Paid general holiday – CANADA DAY
Here is what you need to know about this paid general holiday.
You need to give your employees the statutory holiday on July 1st, 2022, for Canada Day.
You need to satisfy all the following conditions to receive a statutory general holiday:
Worked on the last working day preceding the holiday and on the first working day following the holiday.
If you were absent on one of these days, you may still receive a statutory general day if:
You received authorization from your employer or you have a valid reason for being absent.
“Working day” as defined in the Decree:
Working days vary according to the employee’s duties (working hours) rather than the undertaking
Calculating the indemnity to be paid
Working day for an employee:
The indemnity is equal to a standard workday.
Non-working day or less than 20 days of uninterrupted service for an employee:
1/20 of the wages earned during the 4 complete weeks of pay preceding the week of the holiday excluding overtime.
1. Can a holiday be taken on another day?
No, subject to some exceptions:
Non-working day for an employee:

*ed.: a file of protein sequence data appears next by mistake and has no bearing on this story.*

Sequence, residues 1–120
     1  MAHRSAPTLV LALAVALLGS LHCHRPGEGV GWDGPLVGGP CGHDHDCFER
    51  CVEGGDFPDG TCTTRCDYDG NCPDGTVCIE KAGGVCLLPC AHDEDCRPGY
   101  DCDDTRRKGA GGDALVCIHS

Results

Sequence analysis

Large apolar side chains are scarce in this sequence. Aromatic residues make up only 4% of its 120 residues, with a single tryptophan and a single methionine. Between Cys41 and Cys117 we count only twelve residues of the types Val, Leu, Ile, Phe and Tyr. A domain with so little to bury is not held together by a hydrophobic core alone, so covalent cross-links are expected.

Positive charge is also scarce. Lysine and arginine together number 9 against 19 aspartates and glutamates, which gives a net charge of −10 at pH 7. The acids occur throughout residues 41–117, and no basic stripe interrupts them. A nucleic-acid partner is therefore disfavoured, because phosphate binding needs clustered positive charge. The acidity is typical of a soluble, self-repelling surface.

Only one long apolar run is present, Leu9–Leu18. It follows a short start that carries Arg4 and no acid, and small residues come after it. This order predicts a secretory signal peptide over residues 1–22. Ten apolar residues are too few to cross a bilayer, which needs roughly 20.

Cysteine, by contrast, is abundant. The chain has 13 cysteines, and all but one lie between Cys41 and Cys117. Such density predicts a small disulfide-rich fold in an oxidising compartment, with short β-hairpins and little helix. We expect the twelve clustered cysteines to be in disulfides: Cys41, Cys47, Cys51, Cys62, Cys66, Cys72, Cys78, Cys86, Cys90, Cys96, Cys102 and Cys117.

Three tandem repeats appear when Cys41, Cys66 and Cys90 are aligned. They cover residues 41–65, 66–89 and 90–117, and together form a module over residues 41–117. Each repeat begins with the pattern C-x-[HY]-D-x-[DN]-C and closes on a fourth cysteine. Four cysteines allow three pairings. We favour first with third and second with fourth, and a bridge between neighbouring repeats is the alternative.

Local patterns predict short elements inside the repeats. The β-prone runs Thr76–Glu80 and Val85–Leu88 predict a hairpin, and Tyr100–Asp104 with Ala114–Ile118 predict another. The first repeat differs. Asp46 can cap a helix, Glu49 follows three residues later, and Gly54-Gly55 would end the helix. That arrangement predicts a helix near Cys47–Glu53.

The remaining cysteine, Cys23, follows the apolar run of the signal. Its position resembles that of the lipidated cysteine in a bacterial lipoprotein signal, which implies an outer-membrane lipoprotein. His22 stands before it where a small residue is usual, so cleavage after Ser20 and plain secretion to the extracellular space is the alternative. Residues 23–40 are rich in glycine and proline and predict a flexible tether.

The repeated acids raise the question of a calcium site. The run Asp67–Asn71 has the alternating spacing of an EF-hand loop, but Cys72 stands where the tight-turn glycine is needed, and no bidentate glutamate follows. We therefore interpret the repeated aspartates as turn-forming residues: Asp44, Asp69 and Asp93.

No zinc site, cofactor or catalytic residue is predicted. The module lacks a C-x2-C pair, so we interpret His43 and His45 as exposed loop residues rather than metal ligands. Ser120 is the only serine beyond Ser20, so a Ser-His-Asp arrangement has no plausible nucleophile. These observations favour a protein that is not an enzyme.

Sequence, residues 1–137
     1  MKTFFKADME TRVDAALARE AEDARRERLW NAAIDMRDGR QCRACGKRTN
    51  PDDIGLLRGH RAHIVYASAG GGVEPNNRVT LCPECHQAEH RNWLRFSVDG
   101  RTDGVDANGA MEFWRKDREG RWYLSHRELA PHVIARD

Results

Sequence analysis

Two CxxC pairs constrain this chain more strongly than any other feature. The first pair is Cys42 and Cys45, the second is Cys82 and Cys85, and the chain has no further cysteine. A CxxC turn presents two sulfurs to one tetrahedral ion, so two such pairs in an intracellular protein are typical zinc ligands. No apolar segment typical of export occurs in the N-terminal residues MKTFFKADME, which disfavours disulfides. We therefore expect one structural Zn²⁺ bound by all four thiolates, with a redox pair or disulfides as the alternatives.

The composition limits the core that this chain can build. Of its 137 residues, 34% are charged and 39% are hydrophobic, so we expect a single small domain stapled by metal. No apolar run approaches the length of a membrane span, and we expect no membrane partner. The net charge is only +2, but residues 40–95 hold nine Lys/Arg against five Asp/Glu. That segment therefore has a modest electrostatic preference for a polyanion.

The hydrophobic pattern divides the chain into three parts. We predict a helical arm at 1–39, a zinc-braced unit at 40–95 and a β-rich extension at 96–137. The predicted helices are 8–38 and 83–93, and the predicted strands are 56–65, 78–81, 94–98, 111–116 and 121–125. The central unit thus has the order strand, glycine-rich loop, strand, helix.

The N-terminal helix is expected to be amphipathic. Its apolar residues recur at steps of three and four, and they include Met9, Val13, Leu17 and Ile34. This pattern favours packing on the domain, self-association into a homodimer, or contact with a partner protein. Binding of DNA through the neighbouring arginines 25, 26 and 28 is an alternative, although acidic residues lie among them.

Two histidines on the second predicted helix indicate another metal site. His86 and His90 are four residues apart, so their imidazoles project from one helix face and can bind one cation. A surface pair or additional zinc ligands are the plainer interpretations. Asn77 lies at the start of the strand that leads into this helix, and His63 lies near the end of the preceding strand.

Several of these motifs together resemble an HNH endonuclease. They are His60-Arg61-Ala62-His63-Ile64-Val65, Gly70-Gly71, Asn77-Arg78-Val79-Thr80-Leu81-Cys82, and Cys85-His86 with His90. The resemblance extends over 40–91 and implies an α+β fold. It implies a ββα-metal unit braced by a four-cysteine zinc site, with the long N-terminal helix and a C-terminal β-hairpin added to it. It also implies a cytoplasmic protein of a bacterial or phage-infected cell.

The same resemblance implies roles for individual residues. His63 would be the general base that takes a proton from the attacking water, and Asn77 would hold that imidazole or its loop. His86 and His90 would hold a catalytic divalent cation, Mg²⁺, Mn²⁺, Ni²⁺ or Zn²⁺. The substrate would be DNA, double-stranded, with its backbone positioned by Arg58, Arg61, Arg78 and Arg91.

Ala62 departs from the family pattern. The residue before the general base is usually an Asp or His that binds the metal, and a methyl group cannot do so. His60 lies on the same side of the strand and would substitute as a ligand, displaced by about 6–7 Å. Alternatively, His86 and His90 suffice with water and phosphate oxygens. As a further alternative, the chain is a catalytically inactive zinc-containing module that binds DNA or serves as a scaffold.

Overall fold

The holiday can be deferred within the 15 days preceding or following the holiday.
The employee and the employer must both agree to defer the holiday.
Employees on vacation:
The employer pays the indemnity for the holiday or the employee and the employer must both agree to defer the holiday.
2. Do I get paid overtime if I work on a statutory holiday?
Yes.The holiday indemnity is payable in addition to the hours worked.
Time over 10 hours/day including the holiday is paid as overtime (+50%).
Time over 40 hours/week including the statutory holiday is paid as overtime (+50%).
The above information has been provided for information purposes and does not replace the Decree. See articles 6.01 to 6.05 of the Decree.
Here is the list of recent non-working and paid holidays: